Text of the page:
In Stanford we just love uncovering history – whether it’s a building’s architectural past, or something about its tenants, function or its geographical positioning. It comes with being a heritage village – we have a natural curiosity for ‘what was’, a curiosity we so enjoy sharing with visitors and friends of our little part of the Overberg. Let’s take a look at the origins of some of the names of establishments, wineries and natural gems in and around Stanford.


Did you know, Springfontein Wine Estate is named for a natural spring found on the property (responsible for keeping the 25 hectares of vineyards irrigated). Follow them on Instagram here.

Just down the road from Springfontein at Mosaic Private Sanctuary, the 1892 Spookhuis is named for well, yes, being haunted (Spook is the Afrikaans for ghost). Follow them on Instagram here.


Blue Gum Country Estate
owes its namesake to a 150-year old Blue Gum on the property. The estates farm roots date back to 1839. Follow them on Instagram here.

Platbos Forest . This ancient forest is named after the Afrikaans word for ‘flat forest or bush’ – when looking down on the property from an elevated road, the forest resembles a “flat green swath of fynbos”. Follow them on Instagram here.

Bodhi Khaya Retreat. A combination of the words enlightenment (or perhaps ‘awakening’ translates closer to the original meaning) coupled with the Zulu word for “home”. Follow them on Instagram here.

White Water Farm. If you think this name dates back to cascading waterfalls, think again. The farm’s chapel is “converted from the old distillery barn, where Witblits (a local liquor like Grappa) used to be made, hence the historic farm’s name – Witwater or White Water.” Follow them on Instagram here.

Bugler’s cottage in the heritage part of the village was one of the original labourer cottages on Sir Robert Stanford’s Farm. Dating back to the early 1860s, it “is the only cottage in Stanford that is still true to its original form, except for internal changes and the addition of a bathroom at the back.”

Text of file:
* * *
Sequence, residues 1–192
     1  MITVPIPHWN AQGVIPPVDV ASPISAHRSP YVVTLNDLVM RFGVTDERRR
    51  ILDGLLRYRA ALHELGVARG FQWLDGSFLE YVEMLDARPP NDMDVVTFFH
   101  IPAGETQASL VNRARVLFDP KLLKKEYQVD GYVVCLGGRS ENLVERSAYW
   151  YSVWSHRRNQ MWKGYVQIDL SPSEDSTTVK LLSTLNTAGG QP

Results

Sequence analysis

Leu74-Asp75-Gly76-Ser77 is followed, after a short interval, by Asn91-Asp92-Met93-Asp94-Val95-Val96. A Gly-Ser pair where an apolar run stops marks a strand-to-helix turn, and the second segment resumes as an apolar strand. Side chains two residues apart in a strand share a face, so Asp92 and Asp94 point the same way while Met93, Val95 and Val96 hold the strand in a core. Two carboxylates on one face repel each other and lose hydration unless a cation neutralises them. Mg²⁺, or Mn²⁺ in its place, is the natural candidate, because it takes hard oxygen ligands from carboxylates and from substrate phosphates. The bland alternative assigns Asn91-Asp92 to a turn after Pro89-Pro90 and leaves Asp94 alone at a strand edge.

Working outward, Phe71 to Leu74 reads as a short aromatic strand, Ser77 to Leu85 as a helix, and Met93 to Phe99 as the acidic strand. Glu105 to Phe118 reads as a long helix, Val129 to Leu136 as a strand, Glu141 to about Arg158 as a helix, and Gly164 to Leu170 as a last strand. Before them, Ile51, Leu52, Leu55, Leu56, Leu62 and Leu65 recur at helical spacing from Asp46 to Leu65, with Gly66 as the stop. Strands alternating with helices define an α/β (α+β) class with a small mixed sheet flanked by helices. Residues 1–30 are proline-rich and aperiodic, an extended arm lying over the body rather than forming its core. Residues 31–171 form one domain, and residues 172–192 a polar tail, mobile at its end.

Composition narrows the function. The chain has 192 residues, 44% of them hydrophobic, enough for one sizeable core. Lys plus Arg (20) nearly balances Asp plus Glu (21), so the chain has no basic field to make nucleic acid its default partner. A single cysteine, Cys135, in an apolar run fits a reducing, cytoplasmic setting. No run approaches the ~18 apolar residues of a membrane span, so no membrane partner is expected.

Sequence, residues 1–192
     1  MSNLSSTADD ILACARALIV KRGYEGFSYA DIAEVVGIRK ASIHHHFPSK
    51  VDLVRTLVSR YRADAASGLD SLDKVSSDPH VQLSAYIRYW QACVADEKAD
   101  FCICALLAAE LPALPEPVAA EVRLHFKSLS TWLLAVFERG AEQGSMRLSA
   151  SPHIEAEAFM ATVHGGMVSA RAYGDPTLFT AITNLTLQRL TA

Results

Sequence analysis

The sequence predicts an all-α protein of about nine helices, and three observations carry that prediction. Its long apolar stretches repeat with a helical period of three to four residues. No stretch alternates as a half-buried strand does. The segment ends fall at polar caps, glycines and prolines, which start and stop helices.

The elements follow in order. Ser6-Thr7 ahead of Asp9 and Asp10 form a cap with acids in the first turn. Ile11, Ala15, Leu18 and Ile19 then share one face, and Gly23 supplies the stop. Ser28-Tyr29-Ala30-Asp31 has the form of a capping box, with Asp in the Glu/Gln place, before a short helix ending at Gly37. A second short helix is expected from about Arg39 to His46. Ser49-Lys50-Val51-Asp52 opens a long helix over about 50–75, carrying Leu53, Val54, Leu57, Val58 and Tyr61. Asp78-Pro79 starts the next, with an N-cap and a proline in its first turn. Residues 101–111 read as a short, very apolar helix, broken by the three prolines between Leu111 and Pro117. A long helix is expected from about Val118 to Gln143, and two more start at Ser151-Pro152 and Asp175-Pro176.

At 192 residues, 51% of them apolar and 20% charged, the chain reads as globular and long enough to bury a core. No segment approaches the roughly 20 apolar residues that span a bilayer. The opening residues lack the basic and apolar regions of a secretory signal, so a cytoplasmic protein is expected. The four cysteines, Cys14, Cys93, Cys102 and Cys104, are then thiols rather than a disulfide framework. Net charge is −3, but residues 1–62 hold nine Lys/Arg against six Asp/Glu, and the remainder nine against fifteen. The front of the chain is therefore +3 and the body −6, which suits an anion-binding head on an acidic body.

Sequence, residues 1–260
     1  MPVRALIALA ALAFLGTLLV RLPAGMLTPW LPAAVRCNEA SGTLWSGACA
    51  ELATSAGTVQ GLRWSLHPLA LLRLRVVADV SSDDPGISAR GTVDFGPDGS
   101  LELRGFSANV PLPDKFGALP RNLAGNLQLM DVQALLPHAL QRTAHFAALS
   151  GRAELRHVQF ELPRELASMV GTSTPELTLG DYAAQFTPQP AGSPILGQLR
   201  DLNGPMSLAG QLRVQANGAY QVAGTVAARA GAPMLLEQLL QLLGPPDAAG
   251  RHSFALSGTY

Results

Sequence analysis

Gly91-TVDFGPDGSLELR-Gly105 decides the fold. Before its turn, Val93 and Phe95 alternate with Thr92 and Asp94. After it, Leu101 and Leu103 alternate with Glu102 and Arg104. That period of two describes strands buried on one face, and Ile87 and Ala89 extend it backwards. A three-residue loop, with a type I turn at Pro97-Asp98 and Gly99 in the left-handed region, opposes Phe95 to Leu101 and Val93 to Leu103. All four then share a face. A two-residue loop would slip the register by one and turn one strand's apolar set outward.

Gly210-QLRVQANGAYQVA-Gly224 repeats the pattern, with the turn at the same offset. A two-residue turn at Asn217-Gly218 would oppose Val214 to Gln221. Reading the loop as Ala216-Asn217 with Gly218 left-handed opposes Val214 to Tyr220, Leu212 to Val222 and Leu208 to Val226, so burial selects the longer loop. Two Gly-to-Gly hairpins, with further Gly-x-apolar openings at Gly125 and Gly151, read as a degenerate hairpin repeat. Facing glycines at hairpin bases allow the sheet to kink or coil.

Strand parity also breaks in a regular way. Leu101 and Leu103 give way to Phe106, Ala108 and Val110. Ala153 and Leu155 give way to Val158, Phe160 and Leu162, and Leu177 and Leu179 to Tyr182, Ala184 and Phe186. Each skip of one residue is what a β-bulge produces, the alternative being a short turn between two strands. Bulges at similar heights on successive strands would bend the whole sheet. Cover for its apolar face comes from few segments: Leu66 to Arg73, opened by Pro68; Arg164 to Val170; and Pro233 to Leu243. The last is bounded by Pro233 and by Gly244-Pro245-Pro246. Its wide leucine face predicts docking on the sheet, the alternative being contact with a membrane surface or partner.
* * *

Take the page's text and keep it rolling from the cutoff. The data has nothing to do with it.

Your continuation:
If you’re looking to supersize your historical knowledge on Stanford, pop into the Tourism Office for a copy of Historical Stanford on Foot (for just R10), then head on to one of our local wine farms and grab a few bottles of their finest, and you’re on your way to being the most interesting person at your next dinner party!

 

 

Hidden treasure and a fynbos adventure in Stanford

Stanford, the place where fynbos, family and freedom are abundant.

By this we mean the freedom to explore the vast landscapes we have filled with the most incredible display of indigenous fynbos.

Did you know that we are even fortunate enough to have two unique species of Fynbos, found nowhere else in the world: The Erica irregularis, growing on the foothills between Stanford and Gansbaai, a gorgeous pink species, and Erica aristata, growing on the Klein River Mountains between Hermanus and Stanford.

Erica aristata. Image: Phillipskop Mountain Reserve

So, what better excuse to gather family and friends and set out on a Fynbos adventure?

We start this series of exploration with a highlight on an activity that may entice even your tech-addicted teenager to join you in the fresh mountain air.

If you’ve never tried geocaching, or you’re looking to stay and explore Stanford’s newest hiking trail, crossing over the Klein River Mountains, pack your hiking boots and head to Phillipskop Mountain Reserve, a sho’t left from the historic village centre.

Adding to an already jam-packed list of activities and near-by attractions, Phillipskop Mountain Reserve’s new Haarkapper (Hair Cutter’s) Hiking Trail route connects the private reserve with Tesselaarsdal, nestled behind the Klein River Mountains, via Elzaksa Farm.

The Haarkapper Trail will take you over the Klein River Mountains. Image: Phillipskop Mountain Reserve

The unusual route name honours the weekly journey of the famous Tesselaarsdal barber, Jannie Willemse. Jannie was a farmer from the valley and walked 20 km over the mountains to Stanford every Saturday to cut the villagers’ hair.

The 15-km trail follows a figure-of-eight route, offering visitors the option of a longer fynbos-filled mountain hike, says Phillipskop Mountain Reserve owner and manager, Chris Whitehouse. “You can also hike just one way over the mountain if you arrange transport on the other side. Or enjoy a delicious lunch in the historic village of Tesselaarsdal at De Poskantoor (The Post Office),” he says.

Haarkapper Map courtesy of Phillipskop Mountain Reserve

The Haarkapper Hiking Trail is billed as “straightforward but still challenging for anyone with reasonable fitness”. There is an initial steep climb up from the reception at Phillipskop but, after that, the path takes a more gradual ascent towards the ridge before descending via Elzaksa Farm. The return climb follows the same route up the mountain as the 2017 Cape Epic bike ride. On a clear day, views stretch from Sir Lowry’s Pass across to the Langeberg above Swellendam.